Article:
From Van Til’s “The Defense of the Faith”:

“But to engage in philosophical discussion does not mean that we begin without scripture.
We do not first defend theism philosophically by an appeal to reason and experience in order, after that, to turn to scripture for our knowledge and defense of Christianity. We get our theism as well as our Christianity from the Bible…It is therefore the system of truth as contained in Scripture which we must present to the world.”

The starting point for the Christian worldview is always the scriptures, but if you listen to Christians attempting to defend the Christian faith, they seldom start with the Scriptures. Instead they feel it is necessary to “put themselves in the mind of the unbeliever” in order to establish a “common ground” to have sound discourse with them. When this approach is utilized the battle is over.

Why would the battle be over with defending the Christian faith with this approach? The moment the Christian concedes(Even just for the sake of argument) they have already agreed that there is a possibility that God and the Bible may not be true. The Scriptures never grant the Christian such liberty. Let’s look at the verse below and see if we can apply it to our example above:

(ESV) John 8:24: “I told you that you would die in your sins, for unless you believe that I am he you will die in your sins.”

Jesus was speaking to the Jewish religious leaders and you say he was engaged in an apologetic for the faith. He does not once concede and say, “OK, let’s just for sake of the argument I”m not who I say I am, namely the Son of God, who takes away the sins of the world…?” No, this is never once entertained, but the unbelieving leaders are forced to either accept His testimony and therefore to believe that he is the promised Messiah or they will perish in their sins. There is zero room for neutrality. And this is the point; to concede to the unbelievers position is to believe that God is neutral and we not from the Scriptures that this is not the cause. The Lords judgements are binary; we are either covenant keepers or covenant breakers. Saints or reprobates.

So this is why the presuppositional method of apologetics is the most faithful defense of the Christian faith to the scriptures. We have committed our way to the King of Kings and as Christ said in Matthew 12:30, “Whoever is not with me is against me, and whoever does not gather with me scatters.”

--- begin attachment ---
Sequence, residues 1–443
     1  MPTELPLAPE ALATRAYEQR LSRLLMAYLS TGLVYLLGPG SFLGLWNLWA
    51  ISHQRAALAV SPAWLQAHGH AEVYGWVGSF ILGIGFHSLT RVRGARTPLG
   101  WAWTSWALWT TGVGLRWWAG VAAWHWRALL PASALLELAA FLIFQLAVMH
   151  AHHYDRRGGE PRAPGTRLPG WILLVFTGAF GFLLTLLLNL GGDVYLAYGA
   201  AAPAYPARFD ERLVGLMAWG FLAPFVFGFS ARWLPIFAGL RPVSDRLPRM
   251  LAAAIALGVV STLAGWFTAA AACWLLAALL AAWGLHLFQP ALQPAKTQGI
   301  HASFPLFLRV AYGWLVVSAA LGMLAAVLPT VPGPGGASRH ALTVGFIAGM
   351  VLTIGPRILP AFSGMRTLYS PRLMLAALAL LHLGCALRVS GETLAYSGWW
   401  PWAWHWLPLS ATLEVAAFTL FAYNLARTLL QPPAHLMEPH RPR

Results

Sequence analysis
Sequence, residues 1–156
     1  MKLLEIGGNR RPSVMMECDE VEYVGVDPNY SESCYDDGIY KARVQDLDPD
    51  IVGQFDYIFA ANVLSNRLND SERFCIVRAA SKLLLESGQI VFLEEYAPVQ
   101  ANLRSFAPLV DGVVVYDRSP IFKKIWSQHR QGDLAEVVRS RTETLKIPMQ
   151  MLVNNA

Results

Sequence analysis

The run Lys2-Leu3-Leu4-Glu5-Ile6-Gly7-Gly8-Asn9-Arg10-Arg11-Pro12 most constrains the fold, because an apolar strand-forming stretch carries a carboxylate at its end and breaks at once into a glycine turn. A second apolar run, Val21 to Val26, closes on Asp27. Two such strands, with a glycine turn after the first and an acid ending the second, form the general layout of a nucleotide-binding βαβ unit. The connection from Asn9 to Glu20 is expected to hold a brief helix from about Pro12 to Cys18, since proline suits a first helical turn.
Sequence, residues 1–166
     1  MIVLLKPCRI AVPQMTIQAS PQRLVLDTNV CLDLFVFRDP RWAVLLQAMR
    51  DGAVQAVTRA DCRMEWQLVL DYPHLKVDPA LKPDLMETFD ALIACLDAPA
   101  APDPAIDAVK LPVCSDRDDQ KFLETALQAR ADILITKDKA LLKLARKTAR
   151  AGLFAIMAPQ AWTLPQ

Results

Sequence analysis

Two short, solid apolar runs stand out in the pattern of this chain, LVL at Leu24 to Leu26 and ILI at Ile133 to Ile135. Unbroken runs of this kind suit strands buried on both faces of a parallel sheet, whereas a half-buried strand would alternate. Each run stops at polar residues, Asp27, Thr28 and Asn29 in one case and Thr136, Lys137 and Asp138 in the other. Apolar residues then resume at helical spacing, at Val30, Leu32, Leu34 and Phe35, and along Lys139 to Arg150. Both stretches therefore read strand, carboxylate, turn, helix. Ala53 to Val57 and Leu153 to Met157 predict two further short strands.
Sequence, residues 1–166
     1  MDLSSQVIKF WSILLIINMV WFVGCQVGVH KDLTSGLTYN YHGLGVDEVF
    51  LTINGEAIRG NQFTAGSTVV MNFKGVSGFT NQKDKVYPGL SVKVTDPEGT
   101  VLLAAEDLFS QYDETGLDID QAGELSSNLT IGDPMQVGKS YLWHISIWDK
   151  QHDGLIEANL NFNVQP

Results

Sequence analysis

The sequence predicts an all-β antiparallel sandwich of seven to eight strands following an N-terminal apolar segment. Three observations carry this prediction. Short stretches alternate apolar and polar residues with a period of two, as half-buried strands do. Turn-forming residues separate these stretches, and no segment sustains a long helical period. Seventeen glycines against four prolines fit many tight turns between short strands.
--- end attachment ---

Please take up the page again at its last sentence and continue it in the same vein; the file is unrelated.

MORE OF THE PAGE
The Doctrine of Repentance Book Review

The Doctrine Of RepentanceThe Doctrine Of Repentance by Thomas Watson
My rating: 4 of 5 stars

As is the case with most of Thomas Watson’s books, the exegesis of scripture is superb and the practical advise that he offers is timeless. This book really hits home by expounding that for the Christian repentance is a continual process and is part of the sanctification process that God uses to conform us to the image of His Son.

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Review of Always Ready

Always Ready: Directions for Defending the FaithAlways Ready: Directions for Defending the Faith by Greg L. Bahnsen
My rating: 4 of 5 stars

This was a most excellent book as to how the Christian should be ready to defend the faith and I think it’s the only way to expose the “intellectual schizophrenia” that is within every non-Christian and that is at the core of their world view, which is a network of their presuppositions. The whole problem with an evidence based apologetic is that there is always room for a probability that it may not be true, which God never grants us as an option in scripture.

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MacArthur on Driscoll

Dr. John MacArthur articulates the fundamental problem with the vulgarity of Mark Driscoll’s approach to preaching. I have listened to some of Driscoll’s sermons and everytime I do, I end up wanting to vomit his repugnant language to Mars.

ESV: Titus 2:8. “and sound speech that cannot be condemned, so that an opponent may be put to shame, having nothing evil to say about us.”